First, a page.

After experiencing an anomaly during the PSLV-C45 mission, NanoAvionics has successfully established two-way communications with their satellites, “M6P” and “BlueWalker 1”, and confirms they are now orbiting in a healthy condition. The anomaly occurred after the delayed separation from the fourth stage of PSLV, which caused delays in the initial commissioning of “M6P” and “Blue Walker 1” and their incorrect orbits.
The reasons of the anomaly and potential impact for the missions are currently under investigation.
The telemetry data and information from NORAD indicates that both satellites were inserted into a lower orbit than it had been expected, due to currently unknown reasons which are under investigation. Delayed separation from the fourth stage of PSLV caused delays in the initial commissioning of “M6P” and “Blue Walker 1” and also slightly reduces the expected orbital lifetime of both satellites. Fortunately, the anomaly will not impact NanoAvionics customers’ missions or quality of communications.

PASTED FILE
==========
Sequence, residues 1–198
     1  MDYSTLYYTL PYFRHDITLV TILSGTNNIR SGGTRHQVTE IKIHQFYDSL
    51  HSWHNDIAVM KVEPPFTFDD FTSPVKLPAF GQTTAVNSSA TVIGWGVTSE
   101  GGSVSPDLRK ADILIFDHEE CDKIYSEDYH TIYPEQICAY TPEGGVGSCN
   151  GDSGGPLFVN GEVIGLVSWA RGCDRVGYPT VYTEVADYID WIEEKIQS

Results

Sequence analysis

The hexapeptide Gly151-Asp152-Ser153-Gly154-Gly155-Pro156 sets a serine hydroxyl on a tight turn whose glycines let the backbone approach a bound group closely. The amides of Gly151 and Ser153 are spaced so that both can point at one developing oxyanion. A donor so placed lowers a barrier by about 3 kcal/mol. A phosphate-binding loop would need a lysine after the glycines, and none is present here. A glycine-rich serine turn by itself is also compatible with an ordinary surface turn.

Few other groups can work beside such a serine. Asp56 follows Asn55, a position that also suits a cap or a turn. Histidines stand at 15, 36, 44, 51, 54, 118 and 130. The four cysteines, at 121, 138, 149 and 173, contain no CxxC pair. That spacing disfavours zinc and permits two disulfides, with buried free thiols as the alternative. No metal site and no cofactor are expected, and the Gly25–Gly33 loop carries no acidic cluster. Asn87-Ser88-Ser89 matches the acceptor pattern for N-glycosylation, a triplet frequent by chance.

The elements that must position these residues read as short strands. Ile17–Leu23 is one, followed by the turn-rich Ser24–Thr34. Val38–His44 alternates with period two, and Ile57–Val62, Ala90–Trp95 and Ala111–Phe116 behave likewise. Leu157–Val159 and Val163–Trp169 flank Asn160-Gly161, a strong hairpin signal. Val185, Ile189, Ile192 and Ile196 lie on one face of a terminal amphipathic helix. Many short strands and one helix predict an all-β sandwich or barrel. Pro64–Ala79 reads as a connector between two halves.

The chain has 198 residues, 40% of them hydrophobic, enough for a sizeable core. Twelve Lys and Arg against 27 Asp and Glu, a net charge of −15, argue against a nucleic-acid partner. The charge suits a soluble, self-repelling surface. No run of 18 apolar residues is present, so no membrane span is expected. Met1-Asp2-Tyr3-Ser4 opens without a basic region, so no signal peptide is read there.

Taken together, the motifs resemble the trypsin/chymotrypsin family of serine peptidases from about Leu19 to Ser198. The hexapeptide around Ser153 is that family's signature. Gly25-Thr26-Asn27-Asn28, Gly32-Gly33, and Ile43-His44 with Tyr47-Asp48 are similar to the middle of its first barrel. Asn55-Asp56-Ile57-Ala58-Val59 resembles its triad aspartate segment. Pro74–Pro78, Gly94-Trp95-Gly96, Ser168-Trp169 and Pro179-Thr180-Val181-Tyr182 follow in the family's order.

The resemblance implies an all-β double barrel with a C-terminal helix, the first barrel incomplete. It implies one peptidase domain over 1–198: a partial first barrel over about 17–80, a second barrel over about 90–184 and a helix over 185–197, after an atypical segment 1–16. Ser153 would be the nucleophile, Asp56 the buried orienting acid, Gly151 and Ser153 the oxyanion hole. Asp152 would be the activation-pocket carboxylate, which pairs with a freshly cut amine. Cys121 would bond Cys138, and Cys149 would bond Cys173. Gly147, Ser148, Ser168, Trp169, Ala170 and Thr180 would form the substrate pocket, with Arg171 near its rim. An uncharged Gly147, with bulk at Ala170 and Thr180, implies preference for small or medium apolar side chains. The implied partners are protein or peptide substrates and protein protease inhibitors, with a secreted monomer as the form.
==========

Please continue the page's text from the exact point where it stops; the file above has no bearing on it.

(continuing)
M6P and Blue Walker 1 were launched from the India Space Research Organization’s Satish Dhawan Space Center on April 1 (03:57 UTC) with the PSLV-C45 launch vehicle, which rose to a 749-kilometer polar orbit and deployed the primary payload, the Indian government’s own EMISAT.
Eighty-three minutes later, the PSLV-C45 began deploying the remaining 28 small satellites, including M6P and Blue Walker 1.
NanoAvionics M6P is a ride-share mission which hosts payloads from two Internet of Things (IoT) communication companies. SpaceWorks Orbital and Lacuna Space are each developing satellite-based communication systems for a new generation of low-power IoT devices.
BlueWalker 1 is used for testing AST & Science patented technologies in space. The BlueWalker 1 is the first of three nano-satellites that AST & Science plans to deploy over the course of eighteen months. The two companies are partnering to take advantage of NanoAvionics’ best-in-class buses, power systems, and services for this and subsequent AST & Science missions.
The large payload volume of NanoAvionics M6P bus, up to 5U, can support small payloads from multiple customers. By sharing an M6P bus’s up to 5U payload volume, project teams can divert resources to other essential tasks. Also, the rideshare service relieves the burden of launch integration and logistics, frequency allocation, and satellite operation while it’s in orbit for NanoAvionics customers. The M6P bus‘s standardized hardware and software interfaces accelerate the satellite integration timeframe by several times as well as help to define an interface for payloads.